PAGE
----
“The vision for it is to not only grow healthy, local food but also to have refrigeration there, tool storage, a washing station, and an outdoor classroom education area,” Panasci said. “It’s a real comprehensive food hub that’s more than just production where other activities can take place as well.”

Cultivating a Sustainable Community

The urban farm has already proven to be a tremendous success at West Side – both for the environment and the students.

Cesar Presa, the head farmer of the project, said the urban farm in 2021 produced more than 300 pounds of food. As the project expands, Presa said the goal is to produce 1,000 pounds of food this year.

“We’re only 60 to 70 percent of the way there, and we already have so much stuff,” Presa told TAPinto Newark.

Almost anything that grows on West Side’s urban farm is finding its way back into the community, too.

Principal Cook noted that prior to installing an urban farm at West Side, he was already distributing fresh food and groceries to residents in the community. Now, he gets to have a direct approach to providing Newarkers with goods grown right at West Side.

“We’re giving them some of our own fresh produce. We’re going farm-to-table,” he said.

At West Side, where many students qualify for free or reduced-price lunch and lack access to healthy meals, the urban farm is also addressing food inequity in the community. Food insecurity in minority-majority communities like Newark can be directly linked to health disparities experienced among Black and brown people such as increased rates of obesity, heart disease, diabetes, and hypertension.

A multi-state study found that only 8% of African Americans live in a tract with a supermarket, compared to 31% of white people, according to the Food Trust, a nonprofit that advocates for the improved health of children and adults.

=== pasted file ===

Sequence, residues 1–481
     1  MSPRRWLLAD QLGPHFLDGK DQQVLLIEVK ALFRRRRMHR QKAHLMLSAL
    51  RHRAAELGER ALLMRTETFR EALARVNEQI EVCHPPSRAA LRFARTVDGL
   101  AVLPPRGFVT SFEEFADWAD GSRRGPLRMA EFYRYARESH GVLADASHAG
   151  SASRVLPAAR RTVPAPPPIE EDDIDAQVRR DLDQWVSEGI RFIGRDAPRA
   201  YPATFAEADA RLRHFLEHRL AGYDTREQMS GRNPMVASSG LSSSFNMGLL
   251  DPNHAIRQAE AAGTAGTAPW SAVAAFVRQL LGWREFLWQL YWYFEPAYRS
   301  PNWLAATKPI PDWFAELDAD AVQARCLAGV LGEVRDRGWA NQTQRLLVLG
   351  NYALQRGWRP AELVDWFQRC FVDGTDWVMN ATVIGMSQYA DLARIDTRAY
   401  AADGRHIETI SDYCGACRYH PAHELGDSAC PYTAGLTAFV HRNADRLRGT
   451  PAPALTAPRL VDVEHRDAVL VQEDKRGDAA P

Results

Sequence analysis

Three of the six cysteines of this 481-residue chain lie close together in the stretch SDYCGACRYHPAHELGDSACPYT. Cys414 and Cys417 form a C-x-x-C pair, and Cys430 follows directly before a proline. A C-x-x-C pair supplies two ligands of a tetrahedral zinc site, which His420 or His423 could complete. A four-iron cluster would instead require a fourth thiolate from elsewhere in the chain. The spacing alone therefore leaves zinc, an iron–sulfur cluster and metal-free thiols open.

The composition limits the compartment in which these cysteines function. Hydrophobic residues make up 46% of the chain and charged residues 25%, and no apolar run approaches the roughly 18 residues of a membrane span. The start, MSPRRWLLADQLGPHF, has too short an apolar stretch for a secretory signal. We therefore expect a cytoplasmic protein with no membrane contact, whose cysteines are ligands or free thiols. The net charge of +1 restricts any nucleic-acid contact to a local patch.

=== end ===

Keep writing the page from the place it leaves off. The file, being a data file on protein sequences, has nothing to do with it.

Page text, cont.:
Having students learn about agriculture and doing physical work on a farm could help not only address food insecurity in Newark but promote a more sustainable community as well. 

What students learn at school can then be taken back home where they can set up small vegetable beds in their own backyard. At home, they can teach their parents and siblings how to grow food, too. As a community becomes more knowledgeable about farming, this can play a small part in tackling the city’s food insecurity issues.

“It’s about learning to be healthy through food but also understanding yourself in a social and cultural way – how you relate to your environment and the people around you,” Presa said. “Gardening and farming all lead to those outcomes.”

Alongside his daily upkeep of the farm, Presa teaches students from West Side’s environmental science classes about agriculture. He also works with a group of students during the summer months to maintain the farm.

On the farm, part of the students’ learning experience requires them to get their hands dirty. Presa said students do a variety of activities and upkeep projects on the farm such as weeding and pulling grass out of vegetable beds. 

There are perks, too. The head farmer noted that students can walk through the orchard and taste-test the items growing on the farm such as chives, scallions, thyme and chocolate mint plant.

“You don’t need a large farm to do this. You just need a few beds to get the experience,” he said.

Planting Ambition in Students